The likelihood and impact of contamination of the food supply in the United Kingdom have been assessed in an updated risk register.
The UK government rated food supply contamination as four out of five for likelihood and three out of five for impact in the 2023 national risk register. This means the likelihood of food supply contamination is considered as being between 5 percent and 25 percent and its impact would be “moderate” on a scale that ranges from “minor” to “catastrophic.”
The risk register was last published in 2020 and while food was mentioned, the same rating system was not used.
Supply chain information
Leo Parkington and Zoe Betts, of the law firm Pinsent Masons, said that food supply contamination presents a regulatory and reputational risk for businesses.
Parkington said the updated risk register should prompt food producers to ensure they know their supply chain.
“In practice, this means undertaking proper due diligence on suppliers across the supply chain to understand, for example, which farms are producing certain products, the factory conditions in which the products are processed, and how they are stored and transported,” he said.
“It is also important to include clauses in supplier contracts compelling suppliers to comply with legislation, cooperate with product recalls, audits and regulatory investigations, and comply with detailed operational and procedural requirements — such as around refrigeration temperatures when goods are in transit — as well as labeling specifications to inform consumers and hospitality businesses how to use and store the product.”
Contamination could occur during production, processing, distribution and preparation and may result from cross-contamination, poor hygiene, inappropriate storage or due to animal waste.
The worst-case scenario is based on an incident involving a pathogen in the food chain resulting in illness, hospitalization and possible fatalities in a moderate to large number of people. It was assumed that the type and source of contamination would not be identified immediately, and traceability of the implicated product would be complex and time consuming.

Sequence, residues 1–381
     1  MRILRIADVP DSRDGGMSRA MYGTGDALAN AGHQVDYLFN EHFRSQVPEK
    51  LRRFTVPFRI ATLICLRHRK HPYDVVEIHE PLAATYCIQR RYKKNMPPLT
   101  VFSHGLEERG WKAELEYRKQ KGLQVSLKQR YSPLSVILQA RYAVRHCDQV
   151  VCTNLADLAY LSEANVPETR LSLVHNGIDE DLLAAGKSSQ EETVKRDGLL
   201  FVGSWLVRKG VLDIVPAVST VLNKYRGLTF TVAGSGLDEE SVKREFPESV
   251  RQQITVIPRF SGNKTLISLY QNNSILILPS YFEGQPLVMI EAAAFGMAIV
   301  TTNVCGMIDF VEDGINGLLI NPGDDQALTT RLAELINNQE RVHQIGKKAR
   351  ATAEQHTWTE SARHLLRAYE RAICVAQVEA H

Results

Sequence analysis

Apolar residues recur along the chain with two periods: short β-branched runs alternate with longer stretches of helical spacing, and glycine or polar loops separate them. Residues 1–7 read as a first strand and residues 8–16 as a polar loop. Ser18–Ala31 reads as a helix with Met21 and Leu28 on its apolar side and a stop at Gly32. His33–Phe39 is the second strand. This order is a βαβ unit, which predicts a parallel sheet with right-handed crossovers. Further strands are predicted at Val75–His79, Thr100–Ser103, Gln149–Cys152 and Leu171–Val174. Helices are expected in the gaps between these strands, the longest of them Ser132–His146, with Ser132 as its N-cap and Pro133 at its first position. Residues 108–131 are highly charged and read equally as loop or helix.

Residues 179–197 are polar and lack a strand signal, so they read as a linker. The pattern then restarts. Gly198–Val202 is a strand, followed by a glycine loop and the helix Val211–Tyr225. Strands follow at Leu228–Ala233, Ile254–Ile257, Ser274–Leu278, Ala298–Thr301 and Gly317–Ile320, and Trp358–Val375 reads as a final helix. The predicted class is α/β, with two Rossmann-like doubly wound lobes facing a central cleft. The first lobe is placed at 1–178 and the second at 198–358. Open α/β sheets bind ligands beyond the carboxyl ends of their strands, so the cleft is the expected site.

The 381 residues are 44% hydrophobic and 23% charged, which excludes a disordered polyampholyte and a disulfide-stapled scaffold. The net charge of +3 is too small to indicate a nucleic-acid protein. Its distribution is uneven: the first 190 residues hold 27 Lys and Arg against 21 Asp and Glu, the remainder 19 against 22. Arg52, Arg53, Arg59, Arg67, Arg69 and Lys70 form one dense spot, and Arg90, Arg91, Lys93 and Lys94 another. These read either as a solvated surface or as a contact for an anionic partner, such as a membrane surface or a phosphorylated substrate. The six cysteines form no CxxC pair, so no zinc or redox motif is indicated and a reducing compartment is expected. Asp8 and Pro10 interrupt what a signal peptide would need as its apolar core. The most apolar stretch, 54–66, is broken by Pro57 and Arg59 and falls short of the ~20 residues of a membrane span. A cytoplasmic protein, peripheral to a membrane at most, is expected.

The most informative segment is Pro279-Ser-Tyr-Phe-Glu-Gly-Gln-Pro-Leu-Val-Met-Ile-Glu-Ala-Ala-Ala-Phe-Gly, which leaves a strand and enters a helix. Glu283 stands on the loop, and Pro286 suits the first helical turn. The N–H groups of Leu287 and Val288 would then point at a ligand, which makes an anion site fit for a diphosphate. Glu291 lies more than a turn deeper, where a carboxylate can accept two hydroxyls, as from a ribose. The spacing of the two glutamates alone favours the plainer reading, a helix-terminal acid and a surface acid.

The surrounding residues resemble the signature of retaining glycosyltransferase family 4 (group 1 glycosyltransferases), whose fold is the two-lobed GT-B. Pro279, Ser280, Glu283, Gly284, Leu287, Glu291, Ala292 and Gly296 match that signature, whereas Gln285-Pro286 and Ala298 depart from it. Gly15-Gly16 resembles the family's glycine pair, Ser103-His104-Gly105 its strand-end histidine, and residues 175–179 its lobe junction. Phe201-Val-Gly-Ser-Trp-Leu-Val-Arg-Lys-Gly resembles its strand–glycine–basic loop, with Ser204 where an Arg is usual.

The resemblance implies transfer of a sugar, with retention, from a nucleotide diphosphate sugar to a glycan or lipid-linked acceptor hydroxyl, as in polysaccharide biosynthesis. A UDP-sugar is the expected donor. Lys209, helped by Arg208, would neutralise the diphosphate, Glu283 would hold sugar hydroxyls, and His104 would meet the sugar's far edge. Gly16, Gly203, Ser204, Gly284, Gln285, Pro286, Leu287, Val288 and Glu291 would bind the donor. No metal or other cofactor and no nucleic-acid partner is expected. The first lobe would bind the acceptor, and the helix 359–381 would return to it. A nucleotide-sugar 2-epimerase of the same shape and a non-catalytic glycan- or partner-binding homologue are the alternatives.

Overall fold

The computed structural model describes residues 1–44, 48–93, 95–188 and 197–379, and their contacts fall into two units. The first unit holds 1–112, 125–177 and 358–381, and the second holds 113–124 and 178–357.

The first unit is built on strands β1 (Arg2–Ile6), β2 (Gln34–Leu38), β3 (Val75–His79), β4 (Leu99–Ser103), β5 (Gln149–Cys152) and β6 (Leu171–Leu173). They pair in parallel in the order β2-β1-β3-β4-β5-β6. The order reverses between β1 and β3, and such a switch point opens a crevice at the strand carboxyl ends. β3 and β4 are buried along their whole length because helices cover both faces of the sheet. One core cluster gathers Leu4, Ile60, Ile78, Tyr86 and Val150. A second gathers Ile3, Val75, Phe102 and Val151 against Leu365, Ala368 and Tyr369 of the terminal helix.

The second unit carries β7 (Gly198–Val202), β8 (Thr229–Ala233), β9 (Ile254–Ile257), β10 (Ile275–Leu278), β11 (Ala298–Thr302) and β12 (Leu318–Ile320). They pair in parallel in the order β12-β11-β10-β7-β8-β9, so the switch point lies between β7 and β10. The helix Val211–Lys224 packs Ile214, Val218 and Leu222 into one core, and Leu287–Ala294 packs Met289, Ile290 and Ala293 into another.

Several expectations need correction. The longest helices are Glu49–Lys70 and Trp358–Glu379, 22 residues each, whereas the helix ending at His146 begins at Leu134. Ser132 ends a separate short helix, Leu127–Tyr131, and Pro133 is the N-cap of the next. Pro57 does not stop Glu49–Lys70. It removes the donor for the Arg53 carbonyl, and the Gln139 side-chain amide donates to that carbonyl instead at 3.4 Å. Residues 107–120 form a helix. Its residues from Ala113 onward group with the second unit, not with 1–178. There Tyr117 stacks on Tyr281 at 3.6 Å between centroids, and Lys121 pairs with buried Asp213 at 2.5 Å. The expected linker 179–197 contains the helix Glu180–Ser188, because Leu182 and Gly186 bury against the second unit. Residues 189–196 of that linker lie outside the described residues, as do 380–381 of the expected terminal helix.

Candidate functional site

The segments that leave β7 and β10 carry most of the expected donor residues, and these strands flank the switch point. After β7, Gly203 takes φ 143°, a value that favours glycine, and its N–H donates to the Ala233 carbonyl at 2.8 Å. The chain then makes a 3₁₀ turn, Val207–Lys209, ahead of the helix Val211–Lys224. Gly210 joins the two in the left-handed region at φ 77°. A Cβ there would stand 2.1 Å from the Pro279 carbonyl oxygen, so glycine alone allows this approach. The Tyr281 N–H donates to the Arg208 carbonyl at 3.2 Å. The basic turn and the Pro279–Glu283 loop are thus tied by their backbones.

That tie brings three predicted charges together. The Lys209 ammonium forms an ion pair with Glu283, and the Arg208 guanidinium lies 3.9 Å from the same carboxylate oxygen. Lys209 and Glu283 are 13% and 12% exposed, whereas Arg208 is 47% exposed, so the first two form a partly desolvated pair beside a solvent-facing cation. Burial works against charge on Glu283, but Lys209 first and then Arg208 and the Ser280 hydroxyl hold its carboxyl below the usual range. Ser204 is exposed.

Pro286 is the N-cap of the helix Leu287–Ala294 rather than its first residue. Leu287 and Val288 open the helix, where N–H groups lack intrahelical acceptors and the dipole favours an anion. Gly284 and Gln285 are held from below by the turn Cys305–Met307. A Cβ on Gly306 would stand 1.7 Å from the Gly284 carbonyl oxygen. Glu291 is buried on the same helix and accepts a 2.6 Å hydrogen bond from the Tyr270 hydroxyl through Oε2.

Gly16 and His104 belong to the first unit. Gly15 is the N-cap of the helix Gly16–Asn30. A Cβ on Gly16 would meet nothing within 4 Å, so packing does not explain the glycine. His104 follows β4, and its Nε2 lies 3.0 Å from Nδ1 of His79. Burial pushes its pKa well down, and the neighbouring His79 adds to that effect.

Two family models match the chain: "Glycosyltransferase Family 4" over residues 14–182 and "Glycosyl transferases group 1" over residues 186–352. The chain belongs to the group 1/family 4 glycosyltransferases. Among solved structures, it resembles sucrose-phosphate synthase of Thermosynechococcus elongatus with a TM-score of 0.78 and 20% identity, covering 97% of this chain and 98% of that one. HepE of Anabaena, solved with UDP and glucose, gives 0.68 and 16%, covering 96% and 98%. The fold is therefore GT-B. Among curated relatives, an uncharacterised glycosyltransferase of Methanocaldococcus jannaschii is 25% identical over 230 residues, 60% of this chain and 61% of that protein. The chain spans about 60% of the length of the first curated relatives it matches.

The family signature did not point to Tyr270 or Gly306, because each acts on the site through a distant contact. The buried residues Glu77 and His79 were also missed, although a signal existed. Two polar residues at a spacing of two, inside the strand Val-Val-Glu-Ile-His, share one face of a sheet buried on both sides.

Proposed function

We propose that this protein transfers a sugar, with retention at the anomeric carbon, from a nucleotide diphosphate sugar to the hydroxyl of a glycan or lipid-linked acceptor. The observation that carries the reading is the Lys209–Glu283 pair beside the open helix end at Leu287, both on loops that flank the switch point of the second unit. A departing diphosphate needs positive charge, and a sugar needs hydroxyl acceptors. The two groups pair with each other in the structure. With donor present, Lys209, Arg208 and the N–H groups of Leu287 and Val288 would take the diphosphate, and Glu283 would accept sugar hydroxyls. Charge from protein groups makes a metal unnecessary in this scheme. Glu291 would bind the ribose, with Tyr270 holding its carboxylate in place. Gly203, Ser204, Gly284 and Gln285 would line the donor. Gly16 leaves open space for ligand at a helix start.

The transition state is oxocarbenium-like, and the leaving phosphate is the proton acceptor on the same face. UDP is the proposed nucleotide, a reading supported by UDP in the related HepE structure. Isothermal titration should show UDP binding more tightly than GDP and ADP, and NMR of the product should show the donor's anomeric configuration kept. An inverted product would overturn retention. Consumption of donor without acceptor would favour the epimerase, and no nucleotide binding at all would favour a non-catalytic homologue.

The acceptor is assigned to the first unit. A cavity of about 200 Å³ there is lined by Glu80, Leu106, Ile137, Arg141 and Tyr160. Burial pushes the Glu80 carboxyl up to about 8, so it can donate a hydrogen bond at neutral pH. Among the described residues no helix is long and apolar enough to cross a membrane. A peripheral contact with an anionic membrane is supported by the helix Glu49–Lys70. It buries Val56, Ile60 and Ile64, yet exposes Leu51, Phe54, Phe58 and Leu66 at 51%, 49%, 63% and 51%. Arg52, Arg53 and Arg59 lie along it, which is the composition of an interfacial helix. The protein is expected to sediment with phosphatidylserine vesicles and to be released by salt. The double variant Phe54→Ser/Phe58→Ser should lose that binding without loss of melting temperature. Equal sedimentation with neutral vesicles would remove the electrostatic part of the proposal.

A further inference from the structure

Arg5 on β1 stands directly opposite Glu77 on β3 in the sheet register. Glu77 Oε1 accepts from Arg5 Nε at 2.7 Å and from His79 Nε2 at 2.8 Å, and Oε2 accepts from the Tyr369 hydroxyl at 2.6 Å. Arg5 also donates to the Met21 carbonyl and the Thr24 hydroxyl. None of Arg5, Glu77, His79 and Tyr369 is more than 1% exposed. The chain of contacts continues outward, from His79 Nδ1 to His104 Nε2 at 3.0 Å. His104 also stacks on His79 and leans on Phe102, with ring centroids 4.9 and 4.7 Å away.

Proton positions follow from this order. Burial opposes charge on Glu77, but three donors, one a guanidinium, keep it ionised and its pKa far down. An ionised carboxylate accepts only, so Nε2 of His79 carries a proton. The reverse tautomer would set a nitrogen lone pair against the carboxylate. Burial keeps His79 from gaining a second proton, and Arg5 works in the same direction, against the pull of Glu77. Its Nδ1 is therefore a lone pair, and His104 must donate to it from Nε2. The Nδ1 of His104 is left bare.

Response to effectively manage such an event would include the Food Standards Agency (FSA) and public health agencies as well as mitigating the risk of widespread loss of consumer confidence.
Betts said businesses need to understand the consequences of contamination and what to do if food is affected. She added the company may be required to act immediately, irrespective of fault, if their intervention could protect consumers.
“All food business operators need to have a suite of comprehensive policies and procedures which can be implemented swiftly in the event of a food-related issue. Crisis management plans and teams should be appropriate for the nature and size of the business, including details of any cross-border contacts if products have been sold in foreign markets,” she said.
“The plan should be trained out to those staff members who would need to respond to the crisis, and it should also be regularly tested and updated – not least to ensure that key members of the team still work for the organization.”
The risk register also covers human, animal and plant health including the risk of outbreaks as well as chemical contamination of the food or water supply.
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